Millions of people around the world get paid to perform small online tasks for private companies. By most estimates, these 'crowd workers' get paid anywhere from $3 to $9 per hour to gather information, transcribe text, or evaluate websites. Some work for as many as 50 companies in one day, with flexible hours and little commitment.
Usually, there are no contracts, no unions, and no opportunities for training or advancement. Sometimes, there's no pay at all.
Sound like a line of work you wouldn't want your child to get into? Dr. Niki Kittur of Carnegie Mellon University's Human-Computer Interaction Institute had the same thought. Now, he and other CMU researchers are outlining the changes the $1 billion global industry needs to make in order to become legitimate.
Kittur said crowd workers first need an organization to promote their interests.
"The employers have most of the power in the relationship right now," said Kittur. "An employer right now could actually say, 'You know what? I'm just not going to pay you. I don't like your work.'"
A central organization would also give crowd workers better opportunities to build their reputations as good employees, said Kittur. He said websites that currently offer crowd work options, like Amazon Mechanical Turk and CrowdFlower, don't do enough to promote and protect their contributors.
Kittur is wary of contracts, though, because he doesn't want to encumber an otherwise flexible marketplace. He said the idea of a contract for crowd work would be a little different than the traditional contract.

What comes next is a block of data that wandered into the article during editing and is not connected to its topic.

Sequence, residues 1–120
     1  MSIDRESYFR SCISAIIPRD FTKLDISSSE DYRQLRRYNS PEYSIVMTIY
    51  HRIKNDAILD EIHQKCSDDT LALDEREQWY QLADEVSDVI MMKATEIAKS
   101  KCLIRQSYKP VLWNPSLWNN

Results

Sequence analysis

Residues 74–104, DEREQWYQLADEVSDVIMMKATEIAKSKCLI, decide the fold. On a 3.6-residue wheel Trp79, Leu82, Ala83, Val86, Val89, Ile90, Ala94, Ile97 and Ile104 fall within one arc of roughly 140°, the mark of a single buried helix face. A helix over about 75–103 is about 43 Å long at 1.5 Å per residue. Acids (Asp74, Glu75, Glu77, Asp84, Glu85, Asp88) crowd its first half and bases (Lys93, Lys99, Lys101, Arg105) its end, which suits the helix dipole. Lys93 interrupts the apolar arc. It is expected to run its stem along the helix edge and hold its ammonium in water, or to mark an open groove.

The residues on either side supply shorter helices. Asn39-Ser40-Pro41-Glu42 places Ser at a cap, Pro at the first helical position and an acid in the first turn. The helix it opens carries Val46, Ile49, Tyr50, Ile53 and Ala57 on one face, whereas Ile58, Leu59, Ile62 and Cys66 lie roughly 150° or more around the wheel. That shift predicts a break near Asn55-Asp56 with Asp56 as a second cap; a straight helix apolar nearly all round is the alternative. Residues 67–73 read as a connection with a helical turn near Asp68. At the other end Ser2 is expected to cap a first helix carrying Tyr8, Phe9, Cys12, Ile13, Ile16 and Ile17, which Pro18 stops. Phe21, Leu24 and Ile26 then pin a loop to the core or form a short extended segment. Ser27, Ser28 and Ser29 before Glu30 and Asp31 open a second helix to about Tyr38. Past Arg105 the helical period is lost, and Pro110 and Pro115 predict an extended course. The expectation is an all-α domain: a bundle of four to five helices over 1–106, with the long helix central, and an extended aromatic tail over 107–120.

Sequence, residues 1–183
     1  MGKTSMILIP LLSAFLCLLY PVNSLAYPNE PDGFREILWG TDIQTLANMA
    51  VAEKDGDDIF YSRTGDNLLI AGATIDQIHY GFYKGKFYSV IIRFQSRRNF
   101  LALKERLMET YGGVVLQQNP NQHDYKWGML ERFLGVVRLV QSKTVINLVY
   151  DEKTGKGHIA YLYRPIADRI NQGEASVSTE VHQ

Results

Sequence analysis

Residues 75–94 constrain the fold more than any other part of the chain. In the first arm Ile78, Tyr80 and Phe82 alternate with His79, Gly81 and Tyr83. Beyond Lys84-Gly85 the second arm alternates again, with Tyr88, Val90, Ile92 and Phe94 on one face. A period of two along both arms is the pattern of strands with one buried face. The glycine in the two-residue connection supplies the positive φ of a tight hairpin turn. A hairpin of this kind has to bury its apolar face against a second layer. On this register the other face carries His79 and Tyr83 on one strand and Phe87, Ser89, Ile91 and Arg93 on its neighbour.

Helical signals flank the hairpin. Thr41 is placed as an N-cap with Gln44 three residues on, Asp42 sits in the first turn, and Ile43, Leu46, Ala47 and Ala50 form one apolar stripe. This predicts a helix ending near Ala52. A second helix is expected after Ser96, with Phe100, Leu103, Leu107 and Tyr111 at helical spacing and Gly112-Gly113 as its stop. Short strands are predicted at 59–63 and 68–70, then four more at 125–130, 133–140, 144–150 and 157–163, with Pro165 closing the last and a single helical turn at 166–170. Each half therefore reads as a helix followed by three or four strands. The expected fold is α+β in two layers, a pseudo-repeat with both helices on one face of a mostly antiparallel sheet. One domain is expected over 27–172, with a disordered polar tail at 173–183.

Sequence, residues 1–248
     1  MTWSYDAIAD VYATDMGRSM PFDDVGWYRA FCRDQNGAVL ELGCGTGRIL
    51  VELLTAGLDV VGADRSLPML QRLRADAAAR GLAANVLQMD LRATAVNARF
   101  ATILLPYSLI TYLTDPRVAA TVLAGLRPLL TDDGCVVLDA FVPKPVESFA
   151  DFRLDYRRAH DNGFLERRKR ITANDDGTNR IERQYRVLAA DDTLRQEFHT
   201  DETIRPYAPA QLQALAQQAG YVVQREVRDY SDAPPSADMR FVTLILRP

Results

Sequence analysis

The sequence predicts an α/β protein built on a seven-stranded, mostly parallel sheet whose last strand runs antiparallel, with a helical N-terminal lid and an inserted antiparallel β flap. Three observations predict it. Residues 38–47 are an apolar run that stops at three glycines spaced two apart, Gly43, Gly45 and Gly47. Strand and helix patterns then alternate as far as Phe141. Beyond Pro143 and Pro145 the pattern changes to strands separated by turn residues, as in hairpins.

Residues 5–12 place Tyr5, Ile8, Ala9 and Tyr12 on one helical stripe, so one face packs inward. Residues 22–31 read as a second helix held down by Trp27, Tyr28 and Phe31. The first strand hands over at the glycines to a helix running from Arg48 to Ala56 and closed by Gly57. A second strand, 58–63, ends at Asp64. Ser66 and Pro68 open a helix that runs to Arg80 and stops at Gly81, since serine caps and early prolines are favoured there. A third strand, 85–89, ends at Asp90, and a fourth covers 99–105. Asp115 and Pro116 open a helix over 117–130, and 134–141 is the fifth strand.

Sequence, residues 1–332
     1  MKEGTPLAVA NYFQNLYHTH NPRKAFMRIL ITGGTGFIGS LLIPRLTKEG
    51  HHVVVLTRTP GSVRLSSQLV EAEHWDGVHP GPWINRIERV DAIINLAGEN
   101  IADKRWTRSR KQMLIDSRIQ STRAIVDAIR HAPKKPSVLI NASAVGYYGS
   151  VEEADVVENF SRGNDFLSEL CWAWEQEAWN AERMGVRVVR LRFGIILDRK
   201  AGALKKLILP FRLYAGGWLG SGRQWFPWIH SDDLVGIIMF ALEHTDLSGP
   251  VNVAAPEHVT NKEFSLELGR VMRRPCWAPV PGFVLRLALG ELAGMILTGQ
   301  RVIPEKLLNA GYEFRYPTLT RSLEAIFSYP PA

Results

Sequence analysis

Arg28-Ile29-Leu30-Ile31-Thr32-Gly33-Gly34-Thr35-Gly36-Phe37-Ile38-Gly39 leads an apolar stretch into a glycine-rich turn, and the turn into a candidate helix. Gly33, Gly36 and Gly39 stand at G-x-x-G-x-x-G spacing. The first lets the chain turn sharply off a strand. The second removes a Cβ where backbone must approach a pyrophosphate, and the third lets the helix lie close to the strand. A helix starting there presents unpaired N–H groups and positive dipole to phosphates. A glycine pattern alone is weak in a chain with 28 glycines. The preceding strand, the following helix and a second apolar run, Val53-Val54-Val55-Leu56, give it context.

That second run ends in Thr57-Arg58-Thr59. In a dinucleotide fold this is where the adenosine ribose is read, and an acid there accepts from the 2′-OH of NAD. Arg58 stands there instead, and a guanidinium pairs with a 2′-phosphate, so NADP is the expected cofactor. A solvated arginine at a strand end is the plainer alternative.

"Maybe they're micro-contracts," said Kittur. "That functionality of a contract definitely needs to be there, but we need to maintain the fluidity of the market so that people can still do a lot of work and it'll be attractive for employers to engage a lot of different people."
Companies should step up too, according to the CMU professor. Companies that request crowd work sometimes hold back pay because they're not satisfied with the work; however, Kittur argues that many of these companies are doing little or nothing to actually train the employees or give feedback.
Ultimately, he said a national policy governing crowd work may be necessary to ensure that the country's millions of crowd workers aren't mistreated.
Kittur and his colleagues will present his plans to the Association for Computing Machinery at its February 27 conference in San Antonio, Texas.